Artisanal Couture Collection by Tarun Tahiliani


Designer Tarun Tahiliani presented his Artisanal Couture Collection, a set of six capsule collections--Chikankari, Pichwai, Rangrez, Cocktail Goddess, Pakeezagi and Bridal--that have lehengas, shararas, concept saris, kurtas, choli capes, coats and skirts in organza brocade, tulle brocade, moonga silk brocade and sheer silk, tulle and novelty crinkle. The collection also features accessories, bags, shoes and belts.

The focus is on hand-craftsmanship and a continuation of Tahiliani’s 25 years of work with the country’s artisans. In the Rangrez capsule, thousands of meters of woven brocade strips are cut out and applied on different forms. The Bridal collection is presented in traditional bridal reds as well as pastels and beiges. The Pichwai collection takes inspiration from the ancient Indian lyrical paintings from Rajasthan that depict big monochromatic scenes of the Raasleela and traditional motifs of peacocks, cows and lotuses. While the collection’s Chikankari capsule is reminiscent of the tomb of I'timād-ud-Daulah in Agra. The heritage structure’s latticed carvings and inlay work form the basis of the collection’s Chikankari motifs.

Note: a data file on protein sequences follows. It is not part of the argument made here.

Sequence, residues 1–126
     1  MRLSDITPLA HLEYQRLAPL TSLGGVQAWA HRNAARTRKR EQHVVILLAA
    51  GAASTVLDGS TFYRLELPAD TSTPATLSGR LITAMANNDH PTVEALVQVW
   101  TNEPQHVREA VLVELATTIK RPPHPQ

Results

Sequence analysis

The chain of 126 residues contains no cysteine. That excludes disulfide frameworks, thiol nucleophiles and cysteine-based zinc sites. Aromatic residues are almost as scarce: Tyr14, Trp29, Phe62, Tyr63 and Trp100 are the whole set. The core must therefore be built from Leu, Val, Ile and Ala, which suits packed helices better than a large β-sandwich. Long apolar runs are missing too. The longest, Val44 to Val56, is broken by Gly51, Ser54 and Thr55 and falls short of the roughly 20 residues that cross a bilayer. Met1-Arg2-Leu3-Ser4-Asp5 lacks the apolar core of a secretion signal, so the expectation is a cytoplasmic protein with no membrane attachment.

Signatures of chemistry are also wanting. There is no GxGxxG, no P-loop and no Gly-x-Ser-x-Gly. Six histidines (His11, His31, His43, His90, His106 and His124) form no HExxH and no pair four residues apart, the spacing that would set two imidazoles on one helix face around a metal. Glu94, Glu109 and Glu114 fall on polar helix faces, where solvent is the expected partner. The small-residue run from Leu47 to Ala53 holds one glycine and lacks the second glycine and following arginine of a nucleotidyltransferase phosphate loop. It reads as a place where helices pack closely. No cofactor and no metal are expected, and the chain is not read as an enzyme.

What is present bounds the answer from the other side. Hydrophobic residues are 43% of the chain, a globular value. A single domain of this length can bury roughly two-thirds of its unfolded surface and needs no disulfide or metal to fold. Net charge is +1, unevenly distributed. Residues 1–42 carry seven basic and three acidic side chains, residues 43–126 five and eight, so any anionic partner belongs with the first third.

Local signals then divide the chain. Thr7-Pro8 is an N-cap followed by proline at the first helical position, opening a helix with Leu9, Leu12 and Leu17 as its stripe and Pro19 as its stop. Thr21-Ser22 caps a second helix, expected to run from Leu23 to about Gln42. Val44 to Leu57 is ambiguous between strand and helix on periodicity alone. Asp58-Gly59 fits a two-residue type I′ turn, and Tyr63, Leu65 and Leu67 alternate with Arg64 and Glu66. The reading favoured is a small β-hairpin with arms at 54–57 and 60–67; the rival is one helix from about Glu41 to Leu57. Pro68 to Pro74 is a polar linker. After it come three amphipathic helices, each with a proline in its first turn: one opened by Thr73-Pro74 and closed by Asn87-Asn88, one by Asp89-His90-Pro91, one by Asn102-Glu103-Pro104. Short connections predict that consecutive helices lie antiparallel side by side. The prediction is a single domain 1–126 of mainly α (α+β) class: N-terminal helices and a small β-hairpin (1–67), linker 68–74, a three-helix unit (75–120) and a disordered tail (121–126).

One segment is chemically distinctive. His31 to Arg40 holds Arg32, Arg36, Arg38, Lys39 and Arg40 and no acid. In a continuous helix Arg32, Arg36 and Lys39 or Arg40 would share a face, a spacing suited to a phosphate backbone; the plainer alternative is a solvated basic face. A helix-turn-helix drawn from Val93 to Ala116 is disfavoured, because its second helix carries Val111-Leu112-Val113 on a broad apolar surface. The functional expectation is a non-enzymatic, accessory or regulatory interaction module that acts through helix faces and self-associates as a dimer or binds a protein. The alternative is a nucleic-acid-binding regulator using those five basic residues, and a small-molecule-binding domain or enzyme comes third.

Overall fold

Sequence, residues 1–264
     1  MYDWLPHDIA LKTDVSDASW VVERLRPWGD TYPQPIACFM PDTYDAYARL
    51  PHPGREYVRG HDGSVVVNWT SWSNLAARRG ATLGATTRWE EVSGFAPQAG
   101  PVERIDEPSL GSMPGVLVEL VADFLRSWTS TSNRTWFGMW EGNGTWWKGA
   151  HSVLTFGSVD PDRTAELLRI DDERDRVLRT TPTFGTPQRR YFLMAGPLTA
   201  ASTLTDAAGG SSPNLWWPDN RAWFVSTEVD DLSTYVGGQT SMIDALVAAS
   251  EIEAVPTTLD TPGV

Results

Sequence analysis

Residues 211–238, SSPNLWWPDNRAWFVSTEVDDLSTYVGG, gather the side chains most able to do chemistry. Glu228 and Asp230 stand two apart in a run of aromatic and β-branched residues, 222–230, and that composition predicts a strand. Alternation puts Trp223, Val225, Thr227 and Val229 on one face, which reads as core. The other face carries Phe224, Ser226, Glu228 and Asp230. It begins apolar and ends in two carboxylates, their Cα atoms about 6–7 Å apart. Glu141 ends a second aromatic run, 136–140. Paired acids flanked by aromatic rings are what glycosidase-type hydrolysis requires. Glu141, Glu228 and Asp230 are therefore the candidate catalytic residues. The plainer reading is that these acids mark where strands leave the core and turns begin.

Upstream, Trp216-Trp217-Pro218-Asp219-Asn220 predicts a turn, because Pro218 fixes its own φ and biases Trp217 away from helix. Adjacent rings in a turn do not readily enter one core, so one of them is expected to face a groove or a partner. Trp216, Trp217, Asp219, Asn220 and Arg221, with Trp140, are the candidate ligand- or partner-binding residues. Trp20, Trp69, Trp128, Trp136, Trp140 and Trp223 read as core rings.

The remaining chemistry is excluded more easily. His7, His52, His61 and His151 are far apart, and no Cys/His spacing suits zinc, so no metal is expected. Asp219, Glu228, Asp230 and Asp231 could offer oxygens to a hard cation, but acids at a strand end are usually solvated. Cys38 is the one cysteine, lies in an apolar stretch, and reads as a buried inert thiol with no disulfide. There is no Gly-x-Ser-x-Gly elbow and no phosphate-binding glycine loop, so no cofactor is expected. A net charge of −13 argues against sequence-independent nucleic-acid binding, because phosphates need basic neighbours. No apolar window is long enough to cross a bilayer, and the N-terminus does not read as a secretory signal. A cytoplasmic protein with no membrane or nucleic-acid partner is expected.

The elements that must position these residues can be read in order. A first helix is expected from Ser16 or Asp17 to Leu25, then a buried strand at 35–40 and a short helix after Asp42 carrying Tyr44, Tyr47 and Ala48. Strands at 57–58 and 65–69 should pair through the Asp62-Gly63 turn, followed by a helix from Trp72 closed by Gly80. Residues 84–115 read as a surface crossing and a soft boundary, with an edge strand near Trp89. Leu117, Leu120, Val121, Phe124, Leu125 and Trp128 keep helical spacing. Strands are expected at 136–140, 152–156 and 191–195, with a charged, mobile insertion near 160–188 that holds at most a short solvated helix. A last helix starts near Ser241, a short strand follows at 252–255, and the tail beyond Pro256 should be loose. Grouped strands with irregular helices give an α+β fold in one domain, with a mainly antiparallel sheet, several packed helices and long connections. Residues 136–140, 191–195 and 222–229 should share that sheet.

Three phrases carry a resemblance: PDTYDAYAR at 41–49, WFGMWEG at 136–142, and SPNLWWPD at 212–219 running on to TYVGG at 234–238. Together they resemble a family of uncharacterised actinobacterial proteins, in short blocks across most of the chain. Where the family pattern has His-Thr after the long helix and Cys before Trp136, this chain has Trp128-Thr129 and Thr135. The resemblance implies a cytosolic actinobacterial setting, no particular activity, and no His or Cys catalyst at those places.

The designer has played with different shapes and cuts of blouses that feature embellishments and textures in mirror jadau work, jaalis or dori, gota patti, pearls, sequins, cut dana and lifted resham flowers, along with embroideries such as aari, zardosi and dori embroidery.

Oasis by Shantanu & Nikhil


Like a shimmering oasis, which defies the withering heat of the desert, Shantanu & Nikhil’s Ceremonial Couture collection Oasis is the designers’ response to the need of our times—beauty for those deprived of it, glamour for those missing it, power for those feeling helpless. The line-up, mostly menswear, has draped, silk kurtas in kaleidoscopic prints.

These are paired with armour-like bundis and military-inspired short bandhgalas in black.